63 (0.41) 238 51 1. Factors Associated With Lack of Antidepressant Medication Use in Subjects With Stroke and Persistent Depression Among subjects with stroke who were persistently depressed and not using antidepressants (N⫽91).6% (11.4%) 0. living situation (P⫽0.56) 1.2% of subjects with TIA were not depressed at either time point (P⫽0. and being depressed at 3 months (P⬍0. CAD.092).2% (20.4%) 0⫽no symptoms at all 345 (23.5% of TIA (P⫽0.7% of subjects with stroke and 4.23) 0.1–19. *P values were calculated by ␹2 tests for categorical variables and Wilcoxon rank-sum test for continuous variables. Proportional Frequency of Depression.94–1.75–1. Patient Health Questionnaire-8.862).6–18. whereas the rest had spontaneous resolution of depressive symptoms.0% (25.0% (14. N/A indicates not applicable because multivariate analyses were not performed for antidepressant use. Depression and Antidepressant Post Stroke and TIA 1613 Continued Stroke (N⫽1450) TIA (N⫽397) P Value* ⬍0.89 13.El Husseini et al Table 1.3 0.8%) 2⫽slight disability 513 (35.0–20.84) 232 58 1.7%) 1⫽no significant disability 254 (17. and Depression and/or Use of Antidepressant in Subjects With Stroke and TIA at 3 and 12 Mo PHQ-8 ⱖ10 at 3 mo Antidepressant use at 3 mo PHQ-8 ⱖ10 and/or use of antidepressant at 3 mo PHQ-8 ⱖ10 at 12 mo Stroke (N⫽1450.274). there was no association between the lack of antidepressant use and age (P⫽0.8%) 180 (45.21 27.77–1.82–1.8–30.50 0.96–1. suggesting a low rate of depression recognition and treatment. mRS. only 18.4) Antidepressant use at 12 mo PHQ-8 ⱖ10 and/or use of antidepressant at 12 mo 12.67 (0.9–1. inability to work (P⬍0.65–1.516).1–30.3%) 1112 (76.844) when compared with those who were depressed and untreated at 3 months but using antidepressants by 12 months (N⫽21).6) (0.4% (14.2) 24. 62.6–30. IQR.215).5%) 69 (17. age.9% (16.3) (0. smoking.363) or a neurologist (P⫽0.09 1.33 16.2–15.42) TIA indicates transient ischemic attack.8%) 335 (84.0%) 43 (10.0001).79 17.7%) 339 (85.894).05 0. interquartile range.46) 0.09 0.7) 15.5% of subjects with stroke and 65.004).85–1.2) (0.001 mRS at 3 mo 5⫽severe disability 26 (1.8) 201 61 0. Of those subjects who did not have spontaneous resolution of depressive symptoms.5–18. Downloaded from http://stroke.4% (12. Antidepressant Use. modified Rankin Scale at 3 mo. Table 2.ahajournals.2% (22. 2015 . 95% CI P Value Multivariate OR.04) were using antidepressants at 12 months.2–18. months.45 N/A N/A 0.4% (11. higher mRS at 3 months (P⬍0.4) (0. sex (P⫽0.8%) 1 (0.0001).47 0.72–1.11 16. *Multivariate ORs represent the odds of subjects with stroke of having depression compared with those with transient ischemic attack after adjusting for gender.4%) 0.0) 14. Proportional Frequency.2–28.031).3%) 4⫽moderately severe disability 74 (5.9–16.1%) 12 (3.94 0. Factors Associated With Depression at 12 Months and Persistent Depression in Subjects With Stroke Univariate analyses showed that depression at 12 months (N⫽238) in subjects with stroke was associated with younger age (P⬍0.9% (25.4) 26.2–18. medication insurance status (P⫽0.58 (0. All P values were calculated by comparing only nonmissing row values. and history of stroke/transient ischemic attack at baseline. or interim follow-up with a primary care physician (P⫽0.14 N/A N/A 1.21) 406 104 1.0%) 3⫽moderate disability 232 (16.031).0001 1157 (79.08 0. modified Rankin Scale.0001). mRS (P⫽0. MI.8% (9.09 28.4%) 90 (22.9% (12. 95% CI) TIA (N⫽397. race (P⫽0.0) 14. Among those using antidepressants at both 3 and 12 months (N⫽168 with stroke versus 46 with TIA).55) 0.* 95% CI P Value 260 57 1. using an antidepressant at 3 months (P⫽0. nonwhite race (P⫽0. coronary artery disease.0001).08 (0. myocardial infarction. Proportional Frequency.7) (0. PHQ-8.5) (0.612).81–1. female sex (P⫽0. 95% CI) Univariate OR.org/ by guest on August 23.04 mRS at 3 mo mRS ⬍3 mRS at 12 mo mRS ⬍3 TIA indicates transient ischemic attack.52) 404 96 1.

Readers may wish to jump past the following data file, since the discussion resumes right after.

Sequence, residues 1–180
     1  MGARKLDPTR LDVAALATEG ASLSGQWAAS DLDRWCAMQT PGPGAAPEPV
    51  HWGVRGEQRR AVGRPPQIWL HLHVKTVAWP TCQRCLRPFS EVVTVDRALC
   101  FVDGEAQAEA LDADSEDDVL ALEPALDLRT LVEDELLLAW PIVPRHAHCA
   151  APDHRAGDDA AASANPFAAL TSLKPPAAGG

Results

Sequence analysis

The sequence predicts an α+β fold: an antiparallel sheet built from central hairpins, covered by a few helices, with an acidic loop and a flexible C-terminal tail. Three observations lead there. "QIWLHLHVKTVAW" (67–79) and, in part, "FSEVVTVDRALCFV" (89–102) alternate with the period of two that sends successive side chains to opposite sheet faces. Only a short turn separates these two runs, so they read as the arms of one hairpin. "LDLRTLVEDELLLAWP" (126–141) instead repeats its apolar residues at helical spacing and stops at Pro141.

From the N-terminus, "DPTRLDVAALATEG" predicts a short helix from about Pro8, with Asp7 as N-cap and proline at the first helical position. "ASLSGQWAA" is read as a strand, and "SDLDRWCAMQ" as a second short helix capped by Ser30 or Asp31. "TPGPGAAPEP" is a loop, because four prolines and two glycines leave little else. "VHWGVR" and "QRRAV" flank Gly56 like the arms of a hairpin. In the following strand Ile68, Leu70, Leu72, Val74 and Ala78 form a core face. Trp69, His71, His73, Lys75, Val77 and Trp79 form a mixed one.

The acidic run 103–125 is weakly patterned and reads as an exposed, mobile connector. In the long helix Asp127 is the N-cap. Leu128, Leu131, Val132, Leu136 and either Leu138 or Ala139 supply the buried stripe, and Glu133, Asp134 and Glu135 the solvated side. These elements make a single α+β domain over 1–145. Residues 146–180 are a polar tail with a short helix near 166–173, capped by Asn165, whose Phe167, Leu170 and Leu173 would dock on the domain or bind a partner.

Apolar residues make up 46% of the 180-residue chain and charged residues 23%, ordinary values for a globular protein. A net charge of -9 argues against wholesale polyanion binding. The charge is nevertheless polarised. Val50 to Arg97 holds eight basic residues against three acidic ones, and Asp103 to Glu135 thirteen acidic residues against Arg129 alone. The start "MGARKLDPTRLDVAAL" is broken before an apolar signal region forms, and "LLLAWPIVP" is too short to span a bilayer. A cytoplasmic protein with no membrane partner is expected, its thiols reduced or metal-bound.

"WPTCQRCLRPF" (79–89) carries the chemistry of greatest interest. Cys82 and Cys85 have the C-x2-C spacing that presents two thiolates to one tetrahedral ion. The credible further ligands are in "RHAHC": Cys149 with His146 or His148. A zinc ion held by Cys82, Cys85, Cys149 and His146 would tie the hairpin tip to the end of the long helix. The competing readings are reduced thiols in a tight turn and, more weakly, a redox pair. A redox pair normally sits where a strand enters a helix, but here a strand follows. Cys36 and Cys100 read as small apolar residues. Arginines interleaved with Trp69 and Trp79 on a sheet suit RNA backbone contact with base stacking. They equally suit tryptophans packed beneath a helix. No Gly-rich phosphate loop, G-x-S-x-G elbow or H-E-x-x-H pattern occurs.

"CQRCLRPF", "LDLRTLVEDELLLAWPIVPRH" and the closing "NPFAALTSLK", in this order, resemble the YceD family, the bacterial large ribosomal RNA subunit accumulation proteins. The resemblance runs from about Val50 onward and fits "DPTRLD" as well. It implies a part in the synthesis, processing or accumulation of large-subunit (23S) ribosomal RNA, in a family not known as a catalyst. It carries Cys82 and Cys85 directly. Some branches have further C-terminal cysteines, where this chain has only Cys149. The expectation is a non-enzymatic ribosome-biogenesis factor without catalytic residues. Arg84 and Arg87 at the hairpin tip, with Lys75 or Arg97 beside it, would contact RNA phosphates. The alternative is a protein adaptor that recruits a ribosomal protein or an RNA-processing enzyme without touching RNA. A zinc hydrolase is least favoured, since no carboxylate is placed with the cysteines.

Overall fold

Discussion In this large longitudinal study. history of stroke/TIA. 95% CI. the proportional frequency and the frequency of newly identified depression between 3 and 12 months posthospitalization were similar after stroke and TIA when assessed with the PHQ-8 scale or by the PHQ-8 and/or use of antidepressants. not applicable.53 0. depression at 3 months was associated with depression at 12 months.1614 Stroke June 2012 Table 3. y (per 10-y increase) Persistent Depression (N⫽134) Adjusted OR 95% CI 0.7–9. and approximately 15% of subjects with TIA had severe disability (mRS ⱖ3). The frequency of poststroke depression varies between published studies depending on the setting. the frequency of depression was higher after stroke compared with TIA at 3 months indicating that prior cerebrovascular events partly explained the high frequency of depression after TIA.2 None of the included studies used the PHQ-8 scale.2 In light of the higher frequency of depression at 3 and 12 months. The similar frequency of depression after stroke and TIA could be explained by the nature of the stroke and TIA cohorts included in the current study.93 1.3).61 0. Persistent depression (N⫽134) was associated with the same variables.001 ⬍0. and inclusion and exclusion criteria. diagnostic criteria.001 1.5–10. The pooled frequencies varied when grouped by method of mood assessment. depression.139) or living situation at 3 months (P⫽0.org/ by guest on August 23. suggesting that other factors play a more important role in late (12 months) versus early depression (3 months). respectively). younger age.40–0.8% (95% CI. the Behavioral Risk Factor Surveillance Survey data from 2006 and 2008 indicated that the overall frequency of “current” depression in the general population using the PHQ-8 diagnostic algorithm was 9. 9.ahajournals. 8.81.98 ⬍0.62–2. it was lowest in studies that used a single simple question to determine depression status (14%. Consistent with previous reports. the pooled frequency of depressive symptoms among stroke survivors at any time during follow-up was 33% (95% CI.21 The longitudinal data from AVAIL demonstrate.20 We further found that the same variables were associated with persistent depression. the frequency of depression remained comparable between the 2 groups even after adjusting for disability. the rates were 10.5) in the 45.0% (95% CI. a higher mRS at 3 months.014 Adjusted OR 95% CI P Value 0. Although depression at 3 months was a strong predictor of depression Downloaded from http://stroke. 23%– 60%).94 – 0. 6.56 … … … … 6.84 0.49 1. In addition.55 4. and inability to work at 3 months were associated with depression at 12 months and with persistent depression (Table 3). similar to previous studies.2) in those ⱖ65 years old. There was no association with a history of coronary artery disease/myocardial infarction (P⫽0. patient population.73 ⬍0. or other comorbidities. 30.001 Work status at 3 mo Working 0.8 For example. the frequency of depression after excluding previous cerebrovascular events was similar after stroke and TIA.66–9. 29%–36%). 2015 .6.96 0.30 ⬍0. time period.93 0.19–0. these results also indicate that the risk of depression after even mild stroke or TIA was higher than the general population with a comparable age distribution.29–1. Consistent with previous reports.53 Home by choice 0. presumably related to previous or intercurrent stroke. and baseline demographic factors.96 – 0. OR Estimates of Depression at 12 Months and Persistent Depression (3 and 12 Months) in Subjects With Stroke (Nⴝ1450) After Multiple Logistic Regression Depression at 12 Mo (N⫽238) Variable Age.19 ⬍0. Multivariate analysis confirmed that younger age. 14%–15%) and highest when using standardized questionnaires such as the Montgomery Asberg depression rating scale (41%.3% of subjects with TIA had also a history of stroke/TIA. According to a meta-analysis published in 2005. 95% CI.19–0. However. N/A.98 0. poor functional outcome.9 At 12 months. that the frequency of depression is constant in the year after stroke and TIA.4 –7.8.001 N/A N/A N/A 1.009 0. After excluding subjects with a history of stroke/TIA.to 65-year-old population and 6.001 Home not by choice (reference) Depression at 3 mo mRS at 3 mo 5⫽severe disability 4⫽moderately severe disability (Per 1-unit increase) (Per 1-unit increase) 3⫽moderate disability 2⫽slight disability 1⫽no significant disability 0⫽no symptoms Only final results of the models are provided.292). and inability to work at 3 months were associated with poststroke depression at 12 months. mRS indicates modified Rankin Scale.32 0.33–0. which argues against the hypothesis that the increased risk of depression is limited to the first few months after a cerebrovascular event.82 and C⫽0. The majority of subjects with stroke had only mild disability (mRS ⬍3).0% (95% CI.32 0.99 P Value 0. Both models had good discriminate validity (C⫽0. screening for depression appears to be warranted in the first year after stroke or TIA at both time points.